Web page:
Firstly, geese have a wingspan of almost 6 feet. Extending their wings makes them appear much larger and much more dangerous to any would-be predator.
Secondly, geese are extremely muscular compared to other birds, due to their extraordinary migrations. Geese can flap their wings offensively, making loud noises and gusts of wind to deter predators.
6. Turning Their Head
When a goose wants to look directly at something (or someone), they don’t face forwards. Like many birds, geese have eyes on the sides of their heads and need to turn their heads away to get a closer look.
If you notice a goose turning their head to the side and staring at you with one eye, it may be a sign that they are worried about you or they feel threatened.
You can also notice this phenomenon with everyday birds you might see around your house like pigeons and crows.
Are Geese Aggressive Towards Humans?
Geese can be aggressive towards humans, but they will not act aggressively unprovoked. Most geese aggression towards humans occurs when someone inadvertently wanders too close to a goose’s nesting spot, which they will defend aggressively.
Geese can be formidable adversaries too, as this man and his two dogs in Edmonton discovered when they accidentally stumbled through the territory of a Canada goose.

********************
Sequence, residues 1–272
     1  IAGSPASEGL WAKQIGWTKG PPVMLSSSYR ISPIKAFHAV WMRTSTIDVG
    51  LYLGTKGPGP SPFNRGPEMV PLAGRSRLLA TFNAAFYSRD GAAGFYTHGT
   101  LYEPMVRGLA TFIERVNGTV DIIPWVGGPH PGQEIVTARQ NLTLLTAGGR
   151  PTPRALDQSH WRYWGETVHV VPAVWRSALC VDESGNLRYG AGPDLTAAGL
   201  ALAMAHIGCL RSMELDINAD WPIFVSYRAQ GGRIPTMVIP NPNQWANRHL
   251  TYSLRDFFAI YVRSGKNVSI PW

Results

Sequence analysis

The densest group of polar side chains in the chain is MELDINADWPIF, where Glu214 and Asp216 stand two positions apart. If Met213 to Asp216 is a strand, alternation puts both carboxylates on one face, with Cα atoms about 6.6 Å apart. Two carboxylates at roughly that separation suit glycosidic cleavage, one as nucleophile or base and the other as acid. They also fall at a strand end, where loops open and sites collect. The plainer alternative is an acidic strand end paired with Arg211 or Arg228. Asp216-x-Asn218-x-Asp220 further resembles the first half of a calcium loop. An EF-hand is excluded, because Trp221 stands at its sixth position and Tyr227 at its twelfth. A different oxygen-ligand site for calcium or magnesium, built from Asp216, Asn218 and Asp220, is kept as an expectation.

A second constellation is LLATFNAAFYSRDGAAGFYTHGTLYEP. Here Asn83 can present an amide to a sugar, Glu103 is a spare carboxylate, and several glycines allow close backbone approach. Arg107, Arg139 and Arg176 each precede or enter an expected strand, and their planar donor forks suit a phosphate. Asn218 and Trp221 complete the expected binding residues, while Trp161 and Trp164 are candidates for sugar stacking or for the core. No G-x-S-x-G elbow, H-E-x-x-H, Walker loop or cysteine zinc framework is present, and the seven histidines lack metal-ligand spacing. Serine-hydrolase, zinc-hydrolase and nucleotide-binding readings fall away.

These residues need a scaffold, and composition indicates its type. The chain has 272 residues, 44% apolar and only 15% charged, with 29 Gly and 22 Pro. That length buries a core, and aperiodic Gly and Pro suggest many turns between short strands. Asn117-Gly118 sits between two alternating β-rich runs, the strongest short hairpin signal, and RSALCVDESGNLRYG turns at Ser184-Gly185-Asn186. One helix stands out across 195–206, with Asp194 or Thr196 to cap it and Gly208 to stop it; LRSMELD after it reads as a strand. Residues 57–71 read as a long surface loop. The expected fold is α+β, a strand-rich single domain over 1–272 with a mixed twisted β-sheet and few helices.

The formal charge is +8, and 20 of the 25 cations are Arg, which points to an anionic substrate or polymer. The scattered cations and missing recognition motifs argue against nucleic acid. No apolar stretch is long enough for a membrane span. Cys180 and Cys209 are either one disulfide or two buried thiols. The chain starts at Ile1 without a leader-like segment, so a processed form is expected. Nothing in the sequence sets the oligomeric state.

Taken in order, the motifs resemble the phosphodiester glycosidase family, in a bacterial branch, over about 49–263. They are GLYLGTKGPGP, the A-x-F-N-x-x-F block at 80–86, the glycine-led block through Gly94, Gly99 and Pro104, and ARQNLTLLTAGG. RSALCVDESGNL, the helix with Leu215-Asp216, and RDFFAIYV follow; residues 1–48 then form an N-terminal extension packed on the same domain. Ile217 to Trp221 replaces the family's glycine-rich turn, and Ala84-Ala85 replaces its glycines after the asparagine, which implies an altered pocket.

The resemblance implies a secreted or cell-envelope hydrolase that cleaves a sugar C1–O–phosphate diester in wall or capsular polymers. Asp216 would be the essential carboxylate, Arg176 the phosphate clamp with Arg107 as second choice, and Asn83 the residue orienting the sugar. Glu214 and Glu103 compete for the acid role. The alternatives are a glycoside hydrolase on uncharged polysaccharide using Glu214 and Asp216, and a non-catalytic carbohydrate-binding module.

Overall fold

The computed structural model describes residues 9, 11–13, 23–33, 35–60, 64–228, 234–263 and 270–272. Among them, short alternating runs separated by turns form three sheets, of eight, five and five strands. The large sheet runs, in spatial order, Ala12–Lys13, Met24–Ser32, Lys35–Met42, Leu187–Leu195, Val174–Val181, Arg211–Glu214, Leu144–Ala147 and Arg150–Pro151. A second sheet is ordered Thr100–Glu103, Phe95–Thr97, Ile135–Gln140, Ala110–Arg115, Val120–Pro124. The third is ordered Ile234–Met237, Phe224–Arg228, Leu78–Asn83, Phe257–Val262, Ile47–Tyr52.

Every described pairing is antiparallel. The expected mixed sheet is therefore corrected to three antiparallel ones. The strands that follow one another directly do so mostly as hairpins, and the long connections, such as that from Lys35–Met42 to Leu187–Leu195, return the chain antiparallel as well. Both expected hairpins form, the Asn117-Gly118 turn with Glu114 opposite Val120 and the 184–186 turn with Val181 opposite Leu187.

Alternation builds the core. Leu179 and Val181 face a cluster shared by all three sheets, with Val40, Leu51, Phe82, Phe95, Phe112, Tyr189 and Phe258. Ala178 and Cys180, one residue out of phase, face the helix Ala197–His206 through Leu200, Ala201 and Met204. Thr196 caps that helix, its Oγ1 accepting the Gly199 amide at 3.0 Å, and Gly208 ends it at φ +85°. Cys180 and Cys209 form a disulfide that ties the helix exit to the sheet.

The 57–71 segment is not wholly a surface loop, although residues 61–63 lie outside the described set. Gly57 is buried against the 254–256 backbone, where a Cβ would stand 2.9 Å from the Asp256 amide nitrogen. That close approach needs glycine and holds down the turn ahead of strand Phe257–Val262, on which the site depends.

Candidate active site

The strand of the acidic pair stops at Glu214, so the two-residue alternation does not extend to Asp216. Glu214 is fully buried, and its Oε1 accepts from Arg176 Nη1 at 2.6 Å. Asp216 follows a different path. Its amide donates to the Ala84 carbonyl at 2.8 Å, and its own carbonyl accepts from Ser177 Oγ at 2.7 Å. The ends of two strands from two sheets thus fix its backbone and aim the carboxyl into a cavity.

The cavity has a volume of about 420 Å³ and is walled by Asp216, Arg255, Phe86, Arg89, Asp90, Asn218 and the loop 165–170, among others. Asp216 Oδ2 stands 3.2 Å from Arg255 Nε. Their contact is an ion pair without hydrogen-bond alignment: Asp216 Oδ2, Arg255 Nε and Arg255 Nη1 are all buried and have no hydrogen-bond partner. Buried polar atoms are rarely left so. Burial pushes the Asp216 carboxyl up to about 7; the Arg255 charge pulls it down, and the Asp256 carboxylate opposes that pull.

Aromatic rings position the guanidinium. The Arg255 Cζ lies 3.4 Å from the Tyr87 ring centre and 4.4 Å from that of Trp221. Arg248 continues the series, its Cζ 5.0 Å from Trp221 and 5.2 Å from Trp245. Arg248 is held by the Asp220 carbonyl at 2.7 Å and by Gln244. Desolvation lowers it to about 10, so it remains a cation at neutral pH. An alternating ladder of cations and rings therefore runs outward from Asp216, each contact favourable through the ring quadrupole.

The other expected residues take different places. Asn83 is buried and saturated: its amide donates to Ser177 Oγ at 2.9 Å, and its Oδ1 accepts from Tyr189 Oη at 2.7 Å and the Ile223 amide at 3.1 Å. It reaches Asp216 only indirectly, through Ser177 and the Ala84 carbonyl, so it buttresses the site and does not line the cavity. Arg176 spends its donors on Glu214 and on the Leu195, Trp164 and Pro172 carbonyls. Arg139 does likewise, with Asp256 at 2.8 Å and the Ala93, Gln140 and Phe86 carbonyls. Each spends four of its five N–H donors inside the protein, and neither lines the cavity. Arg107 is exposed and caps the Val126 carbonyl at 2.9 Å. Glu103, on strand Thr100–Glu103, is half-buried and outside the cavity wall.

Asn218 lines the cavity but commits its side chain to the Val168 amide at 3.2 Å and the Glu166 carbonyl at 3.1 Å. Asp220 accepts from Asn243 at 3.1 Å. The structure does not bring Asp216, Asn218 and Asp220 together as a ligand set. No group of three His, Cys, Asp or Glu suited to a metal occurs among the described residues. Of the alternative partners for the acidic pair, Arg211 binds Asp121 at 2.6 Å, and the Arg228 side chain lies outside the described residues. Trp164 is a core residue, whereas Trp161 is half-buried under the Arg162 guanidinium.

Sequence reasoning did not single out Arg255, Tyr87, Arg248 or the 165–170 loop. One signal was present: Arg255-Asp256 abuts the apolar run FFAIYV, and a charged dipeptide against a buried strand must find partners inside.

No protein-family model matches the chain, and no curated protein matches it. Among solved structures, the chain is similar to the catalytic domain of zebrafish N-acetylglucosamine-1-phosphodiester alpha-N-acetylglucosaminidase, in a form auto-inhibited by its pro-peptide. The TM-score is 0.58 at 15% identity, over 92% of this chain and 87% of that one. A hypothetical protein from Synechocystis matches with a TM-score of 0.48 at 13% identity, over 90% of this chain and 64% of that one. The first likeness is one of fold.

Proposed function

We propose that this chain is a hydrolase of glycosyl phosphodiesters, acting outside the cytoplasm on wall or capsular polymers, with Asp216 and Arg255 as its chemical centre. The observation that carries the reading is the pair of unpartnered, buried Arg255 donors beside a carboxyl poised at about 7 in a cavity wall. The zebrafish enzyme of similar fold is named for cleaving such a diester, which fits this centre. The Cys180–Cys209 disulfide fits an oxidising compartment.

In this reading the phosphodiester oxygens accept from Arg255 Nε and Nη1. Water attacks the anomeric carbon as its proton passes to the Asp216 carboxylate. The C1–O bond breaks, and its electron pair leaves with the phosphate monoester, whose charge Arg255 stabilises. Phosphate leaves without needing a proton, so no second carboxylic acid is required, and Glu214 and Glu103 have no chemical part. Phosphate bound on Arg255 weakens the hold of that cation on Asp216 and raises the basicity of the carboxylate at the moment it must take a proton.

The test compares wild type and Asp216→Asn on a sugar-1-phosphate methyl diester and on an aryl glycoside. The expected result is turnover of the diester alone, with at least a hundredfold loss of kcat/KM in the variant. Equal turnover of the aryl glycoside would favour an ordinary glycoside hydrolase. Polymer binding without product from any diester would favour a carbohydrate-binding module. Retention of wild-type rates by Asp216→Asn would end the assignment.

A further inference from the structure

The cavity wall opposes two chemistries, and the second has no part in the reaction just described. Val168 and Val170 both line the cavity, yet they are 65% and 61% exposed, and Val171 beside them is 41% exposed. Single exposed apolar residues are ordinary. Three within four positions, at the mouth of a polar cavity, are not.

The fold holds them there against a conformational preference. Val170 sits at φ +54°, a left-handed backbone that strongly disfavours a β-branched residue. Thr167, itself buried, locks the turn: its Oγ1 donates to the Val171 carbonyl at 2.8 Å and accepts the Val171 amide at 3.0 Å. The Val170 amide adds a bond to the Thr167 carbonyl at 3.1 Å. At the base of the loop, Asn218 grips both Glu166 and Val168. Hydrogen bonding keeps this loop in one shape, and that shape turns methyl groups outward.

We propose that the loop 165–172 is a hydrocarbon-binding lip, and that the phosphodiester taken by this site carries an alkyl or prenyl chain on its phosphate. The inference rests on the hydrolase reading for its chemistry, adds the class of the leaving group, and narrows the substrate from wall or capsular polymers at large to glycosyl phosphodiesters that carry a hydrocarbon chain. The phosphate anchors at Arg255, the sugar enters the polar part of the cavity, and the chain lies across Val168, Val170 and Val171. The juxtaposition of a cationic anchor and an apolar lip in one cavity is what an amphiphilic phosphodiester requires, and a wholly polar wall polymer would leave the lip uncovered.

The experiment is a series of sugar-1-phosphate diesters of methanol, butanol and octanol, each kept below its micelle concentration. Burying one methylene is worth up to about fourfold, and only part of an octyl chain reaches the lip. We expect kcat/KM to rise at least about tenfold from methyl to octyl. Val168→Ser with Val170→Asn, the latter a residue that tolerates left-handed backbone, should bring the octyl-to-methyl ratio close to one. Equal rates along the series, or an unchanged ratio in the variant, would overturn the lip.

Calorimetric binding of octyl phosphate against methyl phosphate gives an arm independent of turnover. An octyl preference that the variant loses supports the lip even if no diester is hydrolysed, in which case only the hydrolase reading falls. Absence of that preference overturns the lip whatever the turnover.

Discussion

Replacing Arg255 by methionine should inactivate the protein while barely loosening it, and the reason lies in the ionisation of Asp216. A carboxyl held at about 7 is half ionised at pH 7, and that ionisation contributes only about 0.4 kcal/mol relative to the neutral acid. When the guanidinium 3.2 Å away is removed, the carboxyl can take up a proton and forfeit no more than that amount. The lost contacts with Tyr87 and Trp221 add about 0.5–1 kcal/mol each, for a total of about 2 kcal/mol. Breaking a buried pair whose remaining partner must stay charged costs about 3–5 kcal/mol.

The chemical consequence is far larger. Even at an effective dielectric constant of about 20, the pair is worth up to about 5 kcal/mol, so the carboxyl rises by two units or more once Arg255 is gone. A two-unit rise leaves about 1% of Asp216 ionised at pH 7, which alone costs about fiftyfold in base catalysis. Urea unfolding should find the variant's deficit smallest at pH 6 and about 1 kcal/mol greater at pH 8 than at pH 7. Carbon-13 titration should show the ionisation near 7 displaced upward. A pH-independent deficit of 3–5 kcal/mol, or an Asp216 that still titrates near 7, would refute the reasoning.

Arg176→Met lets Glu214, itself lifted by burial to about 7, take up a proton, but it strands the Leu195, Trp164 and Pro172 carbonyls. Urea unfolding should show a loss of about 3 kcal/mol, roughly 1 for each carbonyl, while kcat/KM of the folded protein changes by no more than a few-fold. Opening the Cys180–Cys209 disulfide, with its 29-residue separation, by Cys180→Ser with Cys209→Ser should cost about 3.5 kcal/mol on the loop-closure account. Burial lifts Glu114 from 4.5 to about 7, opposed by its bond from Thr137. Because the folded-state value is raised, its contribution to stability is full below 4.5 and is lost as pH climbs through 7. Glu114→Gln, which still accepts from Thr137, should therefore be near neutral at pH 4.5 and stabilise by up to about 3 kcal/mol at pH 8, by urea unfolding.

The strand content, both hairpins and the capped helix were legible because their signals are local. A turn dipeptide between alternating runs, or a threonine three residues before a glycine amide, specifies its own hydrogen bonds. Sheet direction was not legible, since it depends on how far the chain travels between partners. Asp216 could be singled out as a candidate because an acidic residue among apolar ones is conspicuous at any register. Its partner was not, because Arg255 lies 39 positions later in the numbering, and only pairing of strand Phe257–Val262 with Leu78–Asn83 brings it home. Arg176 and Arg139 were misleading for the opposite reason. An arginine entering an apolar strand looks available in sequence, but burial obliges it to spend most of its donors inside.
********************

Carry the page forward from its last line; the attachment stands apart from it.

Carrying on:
Geese only seem aggressive because they tend to live quite near to humans. In reality, geese are no more or less aggressive than any other bird.
Geese will become aggressive if their fight or flight response is triggered, if they are defending territory or their nesting spot, or if they are fighting over a mate.
Signs of goose aggression include eyeing you sideways, extending their neck, flapping their wings, and eventually they may bite or peck.
In general, geese are only aggressive toward us when they perceive us as a threat. As long as we don’t bother geese, they won’t bother us.
Stuart is the editor of Fauna Facts. He edits our writers’ work as well as contributing his own content. Stuart is passionate about sustainable farming and animal welfare and has written extensively on cows and geese for the site.